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The Fade: Week 15

Your weekly guide to identifying exposure and profiting in guaranteed prize pools.

I don’t think you could sum up daily fantasy sports in 140 characters or less any better than that.  It’s a trying hobby and most certainly a stressful and exciting career. There are millions of dollars exchanging hands every weekend. With every lineup we create, with every last minute swap, we put ourselves into position to gain immediate life-changing returns. Sometimes it works out. Sometimes it doesn’t. But we always have the great fortune of next week, for as long as there is football.

Unfortunately, the season is running short and our opportunities are running out. I got caught up in that sentiment this week and accidentally designed 30 nearly unique rosters in a 28,736 max entry Thursday GPP on FanDuel. Doing so exposed me to over 100 players and their subsequent ownership percentages.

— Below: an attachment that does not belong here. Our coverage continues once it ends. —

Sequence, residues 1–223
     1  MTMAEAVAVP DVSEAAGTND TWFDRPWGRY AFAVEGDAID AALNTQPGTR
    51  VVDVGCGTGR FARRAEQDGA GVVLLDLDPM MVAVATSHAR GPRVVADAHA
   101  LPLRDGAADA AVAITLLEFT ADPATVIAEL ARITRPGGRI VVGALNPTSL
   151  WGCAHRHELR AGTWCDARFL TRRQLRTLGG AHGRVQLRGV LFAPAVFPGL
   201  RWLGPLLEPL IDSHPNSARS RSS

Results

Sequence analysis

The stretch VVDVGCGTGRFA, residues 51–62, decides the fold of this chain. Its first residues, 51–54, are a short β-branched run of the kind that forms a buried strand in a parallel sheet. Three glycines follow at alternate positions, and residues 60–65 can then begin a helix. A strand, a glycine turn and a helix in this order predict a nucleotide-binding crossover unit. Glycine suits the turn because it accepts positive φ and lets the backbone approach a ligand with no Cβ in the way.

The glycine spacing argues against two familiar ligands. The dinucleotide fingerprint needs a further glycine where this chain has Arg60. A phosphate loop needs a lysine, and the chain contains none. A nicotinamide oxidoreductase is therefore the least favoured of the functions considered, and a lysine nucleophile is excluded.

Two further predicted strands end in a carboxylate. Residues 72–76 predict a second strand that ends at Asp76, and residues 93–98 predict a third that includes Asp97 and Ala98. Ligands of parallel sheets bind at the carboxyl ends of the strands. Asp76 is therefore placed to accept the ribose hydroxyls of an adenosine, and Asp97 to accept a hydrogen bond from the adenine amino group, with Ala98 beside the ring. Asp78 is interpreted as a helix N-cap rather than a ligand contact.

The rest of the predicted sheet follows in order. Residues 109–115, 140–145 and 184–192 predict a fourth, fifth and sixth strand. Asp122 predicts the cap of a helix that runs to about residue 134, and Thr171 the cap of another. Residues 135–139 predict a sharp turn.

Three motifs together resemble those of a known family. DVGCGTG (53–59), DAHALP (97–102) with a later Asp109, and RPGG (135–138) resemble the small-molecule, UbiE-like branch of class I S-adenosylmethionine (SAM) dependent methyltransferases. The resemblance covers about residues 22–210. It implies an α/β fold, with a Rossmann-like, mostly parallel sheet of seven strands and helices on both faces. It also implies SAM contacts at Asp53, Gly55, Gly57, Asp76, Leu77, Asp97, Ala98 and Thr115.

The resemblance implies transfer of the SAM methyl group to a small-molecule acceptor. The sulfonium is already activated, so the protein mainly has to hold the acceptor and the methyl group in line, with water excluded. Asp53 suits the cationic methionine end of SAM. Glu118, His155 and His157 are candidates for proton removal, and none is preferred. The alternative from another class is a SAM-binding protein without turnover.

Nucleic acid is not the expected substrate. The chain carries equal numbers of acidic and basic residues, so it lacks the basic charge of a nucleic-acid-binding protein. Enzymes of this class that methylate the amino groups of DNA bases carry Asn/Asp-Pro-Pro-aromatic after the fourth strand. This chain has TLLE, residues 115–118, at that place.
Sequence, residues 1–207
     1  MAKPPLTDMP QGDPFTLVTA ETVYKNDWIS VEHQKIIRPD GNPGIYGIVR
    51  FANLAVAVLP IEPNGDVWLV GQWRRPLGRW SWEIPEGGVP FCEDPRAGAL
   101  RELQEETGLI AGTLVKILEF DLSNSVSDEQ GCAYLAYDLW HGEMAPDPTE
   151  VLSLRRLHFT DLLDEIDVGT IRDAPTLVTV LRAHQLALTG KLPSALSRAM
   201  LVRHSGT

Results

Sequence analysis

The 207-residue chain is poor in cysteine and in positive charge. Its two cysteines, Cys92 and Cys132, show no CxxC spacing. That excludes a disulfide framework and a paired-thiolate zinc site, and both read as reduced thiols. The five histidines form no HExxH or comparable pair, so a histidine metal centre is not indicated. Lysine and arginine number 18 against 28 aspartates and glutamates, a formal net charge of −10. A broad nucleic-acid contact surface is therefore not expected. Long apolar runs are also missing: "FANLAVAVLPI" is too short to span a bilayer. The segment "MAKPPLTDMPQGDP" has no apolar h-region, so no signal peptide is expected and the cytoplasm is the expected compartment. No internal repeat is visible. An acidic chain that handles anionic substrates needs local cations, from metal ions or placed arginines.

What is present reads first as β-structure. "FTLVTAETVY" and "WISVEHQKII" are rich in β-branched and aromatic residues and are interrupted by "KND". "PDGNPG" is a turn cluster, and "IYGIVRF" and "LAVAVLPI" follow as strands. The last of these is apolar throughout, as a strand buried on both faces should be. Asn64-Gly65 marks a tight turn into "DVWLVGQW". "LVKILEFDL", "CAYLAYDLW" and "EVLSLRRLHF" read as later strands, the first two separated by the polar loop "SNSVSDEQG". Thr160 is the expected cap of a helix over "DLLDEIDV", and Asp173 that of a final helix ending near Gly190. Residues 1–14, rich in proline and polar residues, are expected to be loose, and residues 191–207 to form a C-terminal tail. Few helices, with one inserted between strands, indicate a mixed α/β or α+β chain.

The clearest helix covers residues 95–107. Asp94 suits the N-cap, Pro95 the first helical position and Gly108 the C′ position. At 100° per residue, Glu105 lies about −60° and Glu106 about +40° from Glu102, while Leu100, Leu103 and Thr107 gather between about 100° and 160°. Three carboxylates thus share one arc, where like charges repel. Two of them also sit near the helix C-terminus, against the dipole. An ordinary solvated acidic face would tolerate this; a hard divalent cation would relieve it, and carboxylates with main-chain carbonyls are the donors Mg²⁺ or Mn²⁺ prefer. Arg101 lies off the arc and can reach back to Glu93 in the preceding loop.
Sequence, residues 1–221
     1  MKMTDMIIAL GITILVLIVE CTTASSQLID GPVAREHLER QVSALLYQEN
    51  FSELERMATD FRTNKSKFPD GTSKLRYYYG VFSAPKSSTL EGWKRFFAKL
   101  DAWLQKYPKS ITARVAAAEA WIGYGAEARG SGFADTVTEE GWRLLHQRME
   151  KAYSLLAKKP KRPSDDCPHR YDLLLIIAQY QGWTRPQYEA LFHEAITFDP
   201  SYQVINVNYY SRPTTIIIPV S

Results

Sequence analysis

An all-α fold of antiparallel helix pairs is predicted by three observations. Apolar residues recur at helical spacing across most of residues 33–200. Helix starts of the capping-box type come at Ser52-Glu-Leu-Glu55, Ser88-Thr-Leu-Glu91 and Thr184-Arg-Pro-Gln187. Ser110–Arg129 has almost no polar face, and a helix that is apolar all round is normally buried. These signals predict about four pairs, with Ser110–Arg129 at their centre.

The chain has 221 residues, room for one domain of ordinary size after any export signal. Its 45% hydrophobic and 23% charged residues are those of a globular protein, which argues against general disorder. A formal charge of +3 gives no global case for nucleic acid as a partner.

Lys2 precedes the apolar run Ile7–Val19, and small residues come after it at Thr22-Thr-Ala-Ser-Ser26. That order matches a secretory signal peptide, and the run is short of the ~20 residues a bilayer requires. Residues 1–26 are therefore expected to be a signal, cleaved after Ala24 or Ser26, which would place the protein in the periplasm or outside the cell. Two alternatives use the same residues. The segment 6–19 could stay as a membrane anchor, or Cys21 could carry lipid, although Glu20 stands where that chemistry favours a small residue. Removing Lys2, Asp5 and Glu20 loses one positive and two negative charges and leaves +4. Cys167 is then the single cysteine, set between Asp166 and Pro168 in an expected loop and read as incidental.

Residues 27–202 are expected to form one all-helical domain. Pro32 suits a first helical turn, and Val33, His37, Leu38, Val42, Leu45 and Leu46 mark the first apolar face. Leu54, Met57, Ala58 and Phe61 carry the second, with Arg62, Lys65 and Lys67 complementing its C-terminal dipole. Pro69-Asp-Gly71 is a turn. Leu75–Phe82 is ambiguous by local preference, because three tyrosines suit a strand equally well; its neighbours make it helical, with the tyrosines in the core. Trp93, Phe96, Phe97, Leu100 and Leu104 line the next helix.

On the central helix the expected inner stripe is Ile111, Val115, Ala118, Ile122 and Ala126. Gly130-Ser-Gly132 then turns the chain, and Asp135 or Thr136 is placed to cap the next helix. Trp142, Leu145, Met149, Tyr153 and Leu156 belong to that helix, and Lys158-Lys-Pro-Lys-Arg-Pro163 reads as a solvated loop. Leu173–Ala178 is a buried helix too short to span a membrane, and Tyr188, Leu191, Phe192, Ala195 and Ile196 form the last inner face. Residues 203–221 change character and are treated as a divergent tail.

By now you know the drill. Exposure data gives us two distinct advantages. A) it maps out the flow of the crowd and serves as tiebreakers between similarly priced players with similar projections. And B) it opens our eyes to options we may have been blind to before analyzing the groupthink of our degenerate underground. There is no end-all be-all to this conversation. It’s simply market research in the DFS economy.

Quarterbacks

Quarterbacks % Owned QB Price Quarterbacks % Owned QB Price
Johnny Manziel 14.3 $6700 Tom Brady 1.7 $9600
Derek Anderson 13.5 $5000 Alex Smith 1.6 $7200
Ben Roethlisberger 9.7 $8700 Tony Romo 1.4 $8400
Matt Ryan 7.7 $7900 Philip Rivers 1.2 $8200
Eli Manning 7.3 $7500 Jake Locker 0.8 $6700